Archive for category Nature
Now Abel kept flocks, and Cain worked the soil. In the course of time Cain brought some of the fruits of the soil as an offering to the LORD. But Abel brought fat portions from some of the firstborn of his flock. The LORD looked with favor on Abel and his offering, but on Cain and his offering he did not look with favor.
As we asked in an earlier thread, The Murderous Root of Religion, how did Cain come to understand that God disfavored his offering of grain (or fruits or vegetables)? Did God expressly tell him this in a thundering message from the clouds? Or perhaps in a dream?
Or was it more likely that Abel was in some way better off than Cain ? That Cain was envious of Abel’s circumstances, and figured that God just wasn’t being fair. These were primitive people without all the trappings of modern humankind. So, I don’t think that Abel had nicer clothes or a bigger house or a more luxurious wagon imported from Germany. It’s also doubtful that money was a concept that they would be familiar with. So in what way did God bless Abel over Cain? What’s left to be jealous of?
One possibility that comes to mind is Abel’s health. After all, it’s always been said that if you have your health then you have everything. Maybe Abel’s family was healthier than Cain’s, suffering from fewer maladies and in better overall physical condition. Being healthier, perhaps they were also happier. To a primitive mind, what other reason could there be for this disparity, other than that God was smiling on Abel while punishing Cain. But why would God allow Cain to be healthier than Abel?
The answer might be found in their choice of offerings; Abel’s was made up of meat and fat as opposed to the vegetarian offering of Cain. Today’s conventional medical wisdom affirms that Cain’s high carb menu would certainly be healthier than Abel’s fatty one. But perhaps God knows something that the majority of our doctors, nutritionists and dietitians do not.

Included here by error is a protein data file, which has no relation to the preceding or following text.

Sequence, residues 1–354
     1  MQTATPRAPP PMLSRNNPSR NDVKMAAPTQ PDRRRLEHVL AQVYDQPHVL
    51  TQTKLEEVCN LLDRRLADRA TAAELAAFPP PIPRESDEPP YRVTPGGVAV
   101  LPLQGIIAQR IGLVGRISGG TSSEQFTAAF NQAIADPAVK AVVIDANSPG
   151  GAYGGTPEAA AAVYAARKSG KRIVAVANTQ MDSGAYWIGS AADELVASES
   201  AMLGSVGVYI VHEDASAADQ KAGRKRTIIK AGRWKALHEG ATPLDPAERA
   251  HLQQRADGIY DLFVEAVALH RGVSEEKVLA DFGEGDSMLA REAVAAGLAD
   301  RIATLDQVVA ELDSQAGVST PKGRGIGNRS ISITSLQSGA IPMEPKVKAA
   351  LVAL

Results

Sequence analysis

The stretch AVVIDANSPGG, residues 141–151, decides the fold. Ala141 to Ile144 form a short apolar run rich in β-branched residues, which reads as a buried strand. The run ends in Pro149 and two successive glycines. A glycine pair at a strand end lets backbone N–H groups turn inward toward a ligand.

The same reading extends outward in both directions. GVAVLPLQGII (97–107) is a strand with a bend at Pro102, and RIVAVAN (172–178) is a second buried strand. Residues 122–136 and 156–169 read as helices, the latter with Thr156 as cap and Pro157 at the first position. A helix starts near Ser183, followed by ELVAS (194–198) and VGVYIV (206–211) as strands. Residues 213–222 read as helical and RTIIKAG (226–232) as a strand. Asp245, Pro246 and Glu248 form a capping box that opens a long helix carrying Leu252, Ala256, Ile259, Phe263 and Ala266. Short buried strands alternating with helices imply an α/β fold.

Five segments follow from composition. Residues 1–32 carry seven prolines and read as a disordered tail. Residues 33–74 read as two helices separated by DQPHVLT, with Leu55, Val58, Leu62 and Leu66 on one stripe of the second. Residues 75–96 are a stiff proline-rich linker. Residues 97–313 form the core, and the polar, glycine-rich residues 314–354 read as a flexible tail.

I don’t know about you, but I think I’ll have steak tonight. Again.
That’s right. I meant hearsay, not heresy.
Occasionally, in conversations with conservative Christians, I have been accused of embracing the Pelagian Heresy. I gave these claims little thought, not having known much about Pelagius or his teachings. (There are so many ‘heretics’ in church history it’s hard to keep track.) Besides, the other heretic I kept being linked to was Arminius, and I rather liked what he had to say.
Now I realize that these people were probably right. I am a Pelagian at heart. I have been reading a book called “Christ of the Celts” by J Phillip Newell and in it he talks a bit about Pelagius, who was a Celt himself. Rather than being incorporated in the burgeoning Christian empire that was based in Rome, the Celts were pushed out to the fringes and by the fouth century were mostly contained in what is now Scotland and Ireland. They embraced Christianity but were afforded some insulation from the empire-supporting church doctrines which have shaped the majority of western Christianity. This Celtic Christianity is much more in tune with nature, much less overburdened with doctrines and dogmas and has a reputation that is, in my opinion, much more in in accord with the true teachings of Jesus. Their theology relies heavily upon the thinking of Pelagius, who was a monk and a mystic that understood the underrated role that nature plays when encountering God.